Nayaks of Gingee

The Nayaks of Gingee (Senji) were rulers of the Gingee principality of Tamil Nadu between 16th to 18th century CE. They were subordinates of the imperial Vijayanagara emperors, and were appointed as provincial governors by the Vijayanagar Emperor who divided the Tamil country into three Nayakships viz., Madurai, Tanjore and Gingee. Later, after the fall of the Vijayanagara's Tuluva dynasty, the Gingee rulers declared independence. While they ruled independently, they were sometimes at war with the Tanjore neighbors and the Vijayanagara overlords later based in Vellore and Chandragiri.

Gingee Nayak Kingdom

GingeeRajas mandap.jpg
CapitalGingee Fort
Common languagesTamil, Telugu
• Established
• Disestablished
Preceded by
Succeeded by
Chola Empire
Vijayanagara Empire
Adil Shahi dynasty
British India

The Nayaka Rulers clanEdit

The Gingee Nayak line was established by Tubaki (aka Tupakula) Krishnappa Nayaka, the son of Koneri Nayaka and grandnephew of Achyutappa Nayaka. Sanjay Subrahmanyam and Brennig provide the following details on Achyutappa Nayak:[1][2]

"...Achyutappa, it is generally believed, belonged to the Balija Chetti mercantile community, originally of Telugu extraction, but settled in the Tamil region as a part of the extensive migratory movement from the Andhra to the Tamil regions that began c.1350 and continued into our period. The family tree of Achyutappa – to the extent we are aware of it – was as follows: Siblings of Achyutappa: Achyutappa—Chinnana—Kesava—Brother(unknown)--Sister(unknown). Children of Kesava': Laksmana. Children of Achyutappa's Unknown Brother: Koneri—father of Krishnappa (the founder of Senji Nayaka kingdom)..

Some of the Nayakas in the Gingee line were:

  1. Krishnappa Nayaka (1509–1521)[3][page needed]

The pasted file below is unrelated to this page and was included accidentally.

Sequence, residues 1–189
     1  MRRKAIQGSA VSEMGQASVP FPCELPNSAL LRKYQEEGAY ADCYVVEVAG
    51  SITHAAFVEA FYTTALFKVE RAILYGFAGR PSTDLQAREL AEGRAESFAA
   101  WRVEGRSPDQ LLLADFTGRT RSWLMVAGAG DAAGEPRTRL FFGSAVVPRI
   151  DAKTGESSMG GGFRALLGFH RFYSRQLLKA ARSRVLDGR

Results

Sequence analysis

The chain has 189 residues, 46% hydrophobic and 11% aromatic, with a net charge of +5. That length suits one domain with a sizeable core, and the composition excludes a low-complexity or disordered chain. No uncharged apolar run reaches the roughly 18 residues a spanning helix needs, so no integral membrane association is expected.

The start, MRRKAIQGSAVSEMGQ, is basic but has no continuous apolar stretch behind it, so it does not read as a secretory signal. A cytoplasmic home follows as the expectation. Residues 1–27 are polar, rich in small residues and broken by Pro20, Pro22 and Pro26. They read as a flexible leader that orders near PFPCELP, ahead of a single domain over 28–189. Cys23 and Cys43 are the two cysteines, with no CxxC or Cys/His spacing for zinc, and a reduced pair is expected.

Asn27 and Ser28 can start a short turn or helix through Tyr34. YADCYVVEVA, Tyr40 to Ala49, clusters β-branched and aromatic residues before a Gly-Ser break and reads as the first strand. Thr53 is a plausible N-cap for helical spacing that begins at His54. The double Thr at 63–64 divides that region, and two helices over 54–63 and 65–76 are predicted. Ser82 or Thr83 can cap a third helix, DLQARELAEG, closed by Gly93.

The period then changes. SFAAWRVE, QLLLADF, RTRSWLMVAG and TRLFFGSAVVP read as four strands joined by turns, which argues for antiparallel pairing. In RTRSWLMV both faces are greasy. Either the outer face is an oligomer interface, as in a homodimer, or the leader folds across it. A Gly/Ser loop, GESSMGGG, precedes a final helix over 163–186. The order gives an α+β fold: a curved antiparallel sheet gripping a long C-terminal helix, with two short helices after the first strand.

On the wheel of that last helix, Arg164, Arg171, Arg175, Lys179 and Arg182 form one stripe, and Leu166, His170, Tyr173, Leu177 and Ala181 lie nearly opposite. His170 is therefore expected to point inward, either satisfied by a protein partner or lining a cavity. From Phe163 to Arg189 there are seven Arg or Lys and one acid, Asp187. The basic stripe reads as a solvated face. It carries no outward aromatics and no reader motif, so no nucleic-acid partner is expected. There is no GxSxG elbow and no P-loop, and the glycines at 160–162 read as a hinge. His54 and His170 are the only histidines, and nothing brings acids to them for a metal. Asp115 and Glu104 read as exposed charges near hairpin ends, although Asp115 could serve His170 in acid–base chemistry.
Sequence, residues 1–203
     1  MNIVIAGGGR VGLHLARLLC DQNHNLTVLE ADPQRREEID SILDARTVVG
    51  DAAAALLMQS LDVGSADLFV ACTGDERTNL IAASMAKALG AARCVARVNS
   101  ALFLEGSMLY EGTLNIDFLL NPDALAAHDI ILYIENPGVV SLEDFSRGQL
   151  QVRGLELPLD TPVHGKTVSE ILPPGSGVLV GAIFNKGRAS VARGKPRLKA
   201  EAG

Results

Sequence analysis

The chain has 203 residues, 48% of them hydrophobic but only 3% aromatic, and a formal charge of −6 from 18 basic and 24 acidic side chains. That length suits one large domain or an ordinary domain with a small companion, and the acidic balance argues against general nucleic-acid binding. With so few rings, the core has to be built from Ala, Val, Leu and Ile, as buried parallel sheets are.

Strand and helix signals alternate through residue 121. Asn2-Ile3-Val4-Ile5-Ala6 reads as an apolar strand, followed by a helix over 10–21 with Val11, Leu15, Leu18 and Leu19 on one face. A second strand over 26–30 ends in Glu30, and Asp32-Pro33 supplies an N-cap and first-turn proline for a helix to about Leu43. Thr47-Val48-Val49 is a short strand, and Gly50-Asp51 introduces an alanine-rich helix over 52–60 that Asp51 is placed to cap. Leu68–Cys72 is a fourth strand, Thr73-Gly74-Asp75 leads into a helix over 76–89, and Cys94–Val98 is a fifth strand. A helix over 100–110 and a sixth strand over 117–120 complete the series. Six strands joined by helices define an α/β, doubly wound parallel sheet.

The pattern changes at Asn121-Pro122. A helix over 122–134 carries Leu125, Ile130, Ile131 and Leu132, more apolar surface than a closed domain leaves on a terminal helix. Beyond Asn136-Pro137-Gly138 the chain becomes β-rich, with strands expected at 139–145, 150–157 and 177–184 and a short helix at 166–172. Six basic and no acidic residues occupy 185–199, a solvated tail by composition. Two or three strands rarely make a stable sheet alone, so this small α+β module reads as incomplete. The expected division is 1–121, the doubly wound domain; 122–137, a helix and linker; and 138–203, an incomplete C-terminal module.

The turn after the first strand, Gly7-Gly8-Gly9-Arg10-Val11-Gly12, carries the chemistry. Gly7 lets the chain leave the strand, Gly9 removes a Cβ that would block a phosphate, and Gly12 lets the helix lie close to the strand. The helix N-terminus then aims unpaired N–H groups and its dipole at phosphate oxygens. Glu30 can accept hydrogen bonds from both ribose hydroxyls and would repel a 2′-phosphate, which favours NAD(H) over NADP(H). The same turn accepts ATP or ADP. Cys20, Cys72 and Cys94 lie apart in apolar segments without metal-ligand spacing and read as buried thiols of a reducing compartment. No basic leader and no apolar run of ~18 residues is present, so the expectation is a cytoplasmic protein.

2. Chennappa Nayaka
  3. Gangama Nayaka
  4. Venkata Krishnappa Nayaka
  5. Venkata Rama Bhupaala Nayaka
  6. Thriyambamka Krishnappa Nayaka
  7. Varadappa Nayaka
  8. Ramalinga Nayani vaaru
  9. Venkata Perumal Naidu
  10. Periya Ramabhadra Naidu
  11. Ramakrishnappa Naidu (- 1649)

Srinivasachari takes chronicles mentioned in copper plate grants into account and mentions the following nayakas in the Gingee line, noting governorship of Gingee began in Saka era 1386 / CE 1464:[4]

  1. 1490 - Vaiyappa Nayak
  2. 1490-1520 - Tubaki Krishnappa Nayaka (originally Bala / Vala Krishnappa who became Tubbaki / Dubakki / Dubala Krishnappa in local legends).
  3. 1520-1540 - Achyuta Vijaya Ramachandra Nayak
  4. 1540-1550 - Muthialu Nayak
  5. 1570-1600 - Venkatappa Nayak
  6. 1600-1620 - Varadappa Nayak
  7. Appa Nayak - up to Muslim conquest.


The Gingee Nayak kingdom when established covered most of Northern Tamil Nadu including the present day Chennai, Puducherry and vast areas of Nellore, Chittoor, Vellore and Chandragiri. Its Southern boundary extended up to Kollidam River which marked the boundary between the Tanjavur and Madurai kingdoms. Later, during mid 16th centuries, the Gingee Nayaks lost control of the Vellore Fort and its Northern provinces when their erstwhile Vijayanagara overlords under Aravidu Dynasty took possession of these places and re-established their later Kingdom.


Supposed originsEdit